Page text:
My Dad always had wanted me to be an engineer. He had been an engineering major before switching to business, because engineering was too hard. He was something of a party guy in college. His parents tried to use their financial support to change his behavior, so he joined ROTC (with a free tour of Vietnam) to achieve financial independence and freedom of lifestyle. My parents met in a Physics class at LSU when my Mom struck up a conversation about beer, a subject in which my Dad was an expert. In any case, my Dad favored engineering, because he knew I would make a good living in it. Since I had done well in high school chemistry (winning some awards my Dad was proud of), my Dad leaned toward Chemical Engineering. Growing up with the petrochemical industry we both knew a lot of Chemical Engineers and jobs were literally everywhere.

    Even though what you write on the admissions application is not binding, I didn't want to go against my Dad's wishes, so I called and asked him if I could write Physics in as my "intended major" instead of Chem E. Deep down it was my true love. It's not that I wanted to be a Physicist, it was that I already was one. I deeply longed to know the fundamental laws of nature, how light and atoms worked, what Einstein had really meant, etc. I had no confidence that I could actually contribute to science myself, but I deeply wanted to do Physics rather than just make/design stuff.

    It was my deep desire that helped me push through when the math and coursework got really hard. I could not have persevered had I been in it for money rather than for love. A couple months after I was admitted to LSU, I was invited to some reception, where one of the Physics professors met me. Over the next 18 months, I met a number of Physics faculty, and they cemented my impression that this is what I wanted to be. Of course, they had personality quirks that turned me off, but I loved how they _thought_. They had beautiful minds. I wanted to think like them.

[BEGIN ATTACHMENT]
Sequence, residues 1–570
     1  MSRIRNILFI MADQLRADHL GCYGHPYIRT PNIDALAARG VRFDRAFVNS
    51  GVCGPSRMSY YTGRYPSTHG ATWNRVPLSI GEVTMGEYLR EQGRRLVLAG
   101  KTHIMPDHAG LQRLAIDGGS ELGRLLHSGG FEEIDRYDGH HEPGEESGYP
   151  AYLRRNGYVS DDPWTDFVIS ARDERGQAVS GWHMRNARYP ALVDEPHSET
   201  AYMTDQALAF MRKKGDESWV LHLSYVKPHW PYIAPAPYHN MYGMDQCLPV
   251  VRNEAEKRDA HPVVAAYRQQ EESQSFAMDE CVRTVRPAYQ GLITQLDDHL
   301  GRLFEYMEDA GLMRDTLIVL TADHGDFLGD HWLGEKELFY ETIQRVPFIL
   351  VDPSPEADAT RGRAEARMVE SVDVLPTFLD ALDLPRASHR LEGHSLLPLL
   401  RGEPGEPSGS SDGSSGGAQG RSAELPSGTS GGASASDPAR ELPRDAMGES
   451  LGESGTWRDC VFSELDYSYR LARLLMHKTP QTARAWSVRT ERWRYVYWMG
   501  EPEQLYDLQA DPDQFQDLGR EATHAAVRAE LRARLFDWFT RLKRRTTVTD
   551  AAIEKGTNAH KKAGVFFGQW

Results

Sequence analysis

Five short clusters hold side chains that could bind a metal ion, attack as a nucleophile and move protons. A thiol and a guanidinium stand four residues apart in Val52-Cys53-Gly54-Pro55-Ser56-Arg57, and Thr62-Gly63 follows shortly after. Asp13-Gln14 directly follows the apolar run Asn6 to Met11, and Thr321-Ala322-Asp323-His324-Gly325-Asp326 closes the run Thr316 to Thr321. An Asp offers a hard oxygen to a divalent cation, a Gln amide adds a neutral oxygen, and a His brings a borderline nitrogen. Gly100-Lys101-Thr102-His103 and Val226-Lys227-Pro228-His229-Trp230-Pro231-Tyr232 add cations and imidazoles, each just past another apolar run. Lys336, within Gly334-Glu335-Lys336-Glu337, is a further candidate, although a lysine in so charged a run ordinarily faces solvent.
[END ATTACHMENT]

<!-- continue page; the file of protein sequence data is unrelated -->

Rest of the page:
I didn't know many (non Chem) engineers growing up, but my girlfriend's Dad had been an engineer (Mech), and he kinda turned me off to it. Too much focus on stuff (cars, money), and no real passion for science that I could see.

    Out of grad school, my first two jobs were engineering jobs. My starting salary may have been close to BS Engineers, but my PhD research had given me enough experimental skills and mathematical and problem solving prowess, that I quickly advanced to a Senior and then to a Principal Engineer with commensurate increases in salary. I was well into six figures before 35. But after I paid off the mortgage on my home, Engineering got boring for me, so I transitioned to a faculty position and started a small company on the side to pursue research interests.